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How to Encourage Your Daughter to Be Phyiscally Active


As a parent, you have a responsibility to encourage physical activity in your children. Daughters especially benefit from this kind of support. Read our tips for moms and dads on how you can instill a love of physical activity and encourage sports participation in your child.


The "Go Out and Play: Youth Sports in America" study suggests that gender differences in sports participation may start at home. While 46 percent of boys cited their fathers as teaching them the most about exercise and how to play sports, only 28 percent of girls did so - instead, they named non-family members such as coaches and physical education teachers as their sports mentors. The study suggests that dads may be spending more time mentoring their sons than daughters, as boys said their fathers encourage them to be physically active at a higher rate than that reported by girls.

   "It's parents' responsibility to make sure their kids are active," Dr. Lavoi says. She adds that parents should make physical activity mandatory for their children. While Dad may traditionally be the primary sports enthusiast in the house, Moms can and should play that role for their girls, too.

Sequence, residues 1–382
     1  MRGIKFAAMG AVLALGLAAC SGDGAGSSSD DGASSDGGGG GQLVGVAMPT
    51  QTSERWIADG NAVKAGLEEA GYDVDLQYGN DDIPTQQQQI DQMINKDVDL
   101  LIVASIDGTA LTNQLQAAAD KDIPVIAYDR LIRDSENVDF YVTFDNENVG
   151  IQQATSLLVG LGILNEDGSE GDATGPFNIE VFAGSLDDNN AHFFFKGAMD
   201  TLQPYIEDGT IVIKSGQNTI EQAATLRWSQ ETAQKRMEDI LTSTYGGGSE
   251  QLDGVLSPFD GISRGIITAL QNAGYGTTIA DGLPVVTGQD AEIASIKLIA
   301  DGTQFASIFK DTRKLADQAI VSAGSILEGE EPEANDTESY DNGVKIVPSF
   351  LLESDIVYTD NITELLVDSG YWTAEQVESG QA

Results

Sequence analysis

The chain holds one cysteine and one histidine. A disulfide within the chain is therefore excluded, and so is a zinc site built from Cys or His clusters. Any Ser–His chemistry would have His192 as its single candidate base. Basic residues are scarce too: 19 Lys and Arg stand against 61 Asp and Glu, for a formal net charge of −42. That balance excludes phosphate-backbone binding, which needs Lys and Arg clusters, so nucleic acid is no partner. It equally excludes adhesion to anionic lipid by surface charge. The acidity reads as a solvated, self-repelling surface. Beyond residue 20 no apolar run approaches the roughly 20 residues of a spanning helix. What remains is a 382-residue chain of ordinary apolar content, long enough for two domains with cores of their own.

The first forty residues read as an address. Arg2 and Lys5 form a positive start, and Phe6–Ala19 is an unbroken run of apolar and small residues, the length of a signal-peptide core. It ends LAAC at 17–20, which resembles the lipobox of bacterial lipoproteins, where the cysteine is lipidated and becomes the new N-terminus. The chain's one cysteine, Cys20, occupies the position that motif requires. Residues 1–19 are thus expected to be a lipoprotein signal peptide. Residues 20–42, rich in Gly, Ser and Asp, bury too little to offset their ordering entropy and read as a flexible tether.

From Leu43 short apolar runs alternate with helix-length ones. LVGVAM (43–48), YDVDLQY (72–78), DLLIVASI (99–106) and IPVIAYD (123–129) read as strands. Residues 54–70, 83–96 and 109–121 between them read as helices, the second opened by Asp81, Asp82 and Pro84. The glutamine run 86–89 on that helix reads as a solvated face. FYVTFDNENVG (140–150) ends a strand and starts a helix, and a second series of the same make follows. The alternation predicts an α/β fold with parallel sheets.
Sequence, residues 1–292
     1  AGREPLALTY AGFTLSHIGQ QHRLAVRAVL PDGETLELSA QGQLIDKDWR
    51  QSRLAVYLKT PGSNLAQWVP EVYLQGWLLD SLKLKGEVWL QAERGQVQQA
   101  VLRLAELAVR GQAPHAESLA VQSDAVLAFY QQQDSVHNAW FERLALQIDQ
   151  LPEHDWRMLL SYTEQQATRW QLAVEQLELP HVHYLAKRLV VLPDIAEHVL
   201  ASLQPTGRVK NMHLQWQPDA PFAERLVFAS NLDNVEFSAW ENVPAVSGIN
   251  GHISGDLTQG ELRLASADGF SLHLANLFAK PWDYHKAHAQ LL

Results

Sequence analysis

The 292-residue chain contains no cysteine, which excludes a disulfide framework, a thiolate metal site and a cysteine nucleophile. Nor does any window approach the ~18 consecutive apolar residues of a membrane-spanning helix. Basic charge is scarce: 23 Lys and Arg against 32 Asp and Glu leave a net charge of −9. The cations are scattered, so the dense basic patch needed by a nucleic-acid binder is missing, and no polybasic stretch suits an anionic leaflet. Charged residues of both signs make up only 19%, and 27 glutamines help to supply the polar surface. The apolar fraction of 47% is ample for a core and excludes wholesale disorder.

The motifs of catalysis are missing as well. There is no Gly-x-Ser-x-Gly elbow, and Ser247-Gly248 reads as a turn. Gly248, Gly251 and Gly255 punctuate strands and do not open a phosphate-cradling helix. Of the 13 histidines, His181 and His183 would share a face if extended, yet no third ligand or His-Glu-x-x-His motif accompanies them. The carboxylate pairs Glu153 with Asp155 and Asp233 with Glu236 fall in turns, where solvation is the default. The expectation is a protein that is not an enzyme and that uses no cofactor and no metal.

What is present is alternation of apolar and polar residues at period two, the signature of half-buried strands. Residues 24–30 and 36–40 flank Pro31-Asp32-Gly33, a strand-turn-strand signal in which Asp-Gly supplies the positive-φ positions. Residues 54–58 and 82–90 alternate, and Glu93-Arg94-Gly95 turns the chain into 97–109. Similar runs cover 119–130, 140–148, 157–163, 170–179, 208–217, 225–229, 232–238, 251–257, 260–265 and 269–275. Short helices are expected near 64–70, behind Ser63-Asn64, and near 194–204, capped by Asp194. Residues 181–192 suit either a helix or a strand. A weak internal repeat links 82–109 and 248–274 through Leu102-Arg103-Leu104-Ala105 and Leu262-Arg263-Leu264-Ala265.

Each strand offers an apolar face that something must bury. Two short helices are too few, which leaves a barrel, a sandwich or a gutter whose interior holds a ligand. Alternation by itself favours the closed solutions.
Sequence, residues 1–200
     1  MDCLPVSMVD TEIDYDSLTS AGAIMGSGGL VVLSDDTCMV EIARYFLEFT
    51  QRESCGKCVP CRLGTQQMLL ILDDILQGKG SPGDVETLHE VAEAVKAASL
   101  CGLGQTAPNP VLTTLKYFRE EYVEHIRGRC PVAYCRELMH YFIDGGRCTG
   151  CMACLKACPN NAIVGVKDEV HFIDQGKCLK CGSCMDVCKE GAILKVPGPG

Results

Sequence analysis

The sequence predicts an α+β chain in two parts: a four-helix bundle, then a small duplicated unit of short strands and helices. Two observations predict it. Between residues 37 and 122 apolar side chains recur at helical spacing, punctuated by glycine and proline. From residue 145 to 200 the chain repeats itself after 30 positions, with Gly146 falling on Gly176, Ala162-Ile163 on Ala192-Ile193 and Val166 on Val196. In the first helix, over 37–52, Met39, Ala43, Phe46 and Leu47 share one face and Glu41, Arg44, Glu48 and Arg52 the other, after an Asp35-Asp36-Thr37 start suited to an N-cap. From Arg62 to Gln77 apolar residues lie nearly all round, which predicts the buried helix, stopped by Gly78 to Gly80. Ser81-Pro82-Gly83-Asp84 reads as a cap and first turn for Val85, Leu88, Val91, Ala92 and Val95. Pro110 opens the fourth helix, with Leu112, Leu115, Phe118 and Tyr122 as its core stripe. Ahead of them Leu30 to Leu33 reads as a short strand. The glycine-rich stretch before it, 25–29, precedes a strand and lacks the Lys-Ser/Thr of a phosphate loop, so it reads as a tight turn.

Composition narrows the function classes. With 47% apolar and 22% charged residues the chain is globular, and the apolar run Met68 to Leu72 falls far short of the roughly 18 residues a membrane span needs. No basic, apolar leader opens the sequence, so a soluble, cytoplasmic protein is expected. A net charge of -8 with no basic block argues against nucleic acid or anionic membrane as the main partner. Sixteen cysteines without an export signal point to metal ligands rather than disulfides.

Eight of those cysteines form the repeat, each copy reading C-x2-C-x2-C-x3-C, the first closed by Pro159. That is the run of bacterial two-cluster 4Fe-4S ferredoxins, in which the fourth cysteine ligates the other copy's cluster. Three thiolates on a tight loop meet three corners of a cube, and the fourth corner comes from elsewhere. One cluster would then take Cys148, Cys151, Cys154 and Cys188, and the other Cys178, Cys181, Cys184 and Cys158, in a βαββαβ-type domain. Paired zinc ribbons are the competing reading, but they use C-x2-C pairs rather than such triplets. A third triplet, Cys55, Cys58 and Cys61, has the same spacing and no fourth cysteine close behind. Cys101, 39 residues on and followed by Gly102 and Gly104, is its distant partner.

Dr. Lavoi's tips for getting your daughter active:

1. Be patient, and work with your child to find something she's excited about.

2. Provide the opportunity. "Encourage girls to be active and find something they enjoy, whether it be dance, basketball, cheerleading, jump rope, soccer - whatever she likes, as long as she's active."

3. Be a role model. "Parents need to send the message: This is important; this is something I value."

4. Encourage her to be the best she can be in relation to herself.

5. Work with coaches to create an "optimal environment" - one that is focused on learning and skill development, features caring and supportive relationships, and is safe physically and psychologically. "Just because they're engaged in a physical activity doesn't mean they get the benefits," Dr. Lavoi says. "That largely depends on the climate created by parents and coaches."



For more tips on getting girls active, visit

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Kaitlin Ahern

Author: Kaitlin Ahern has a degree in magazine journalism from Syracuse University. See More

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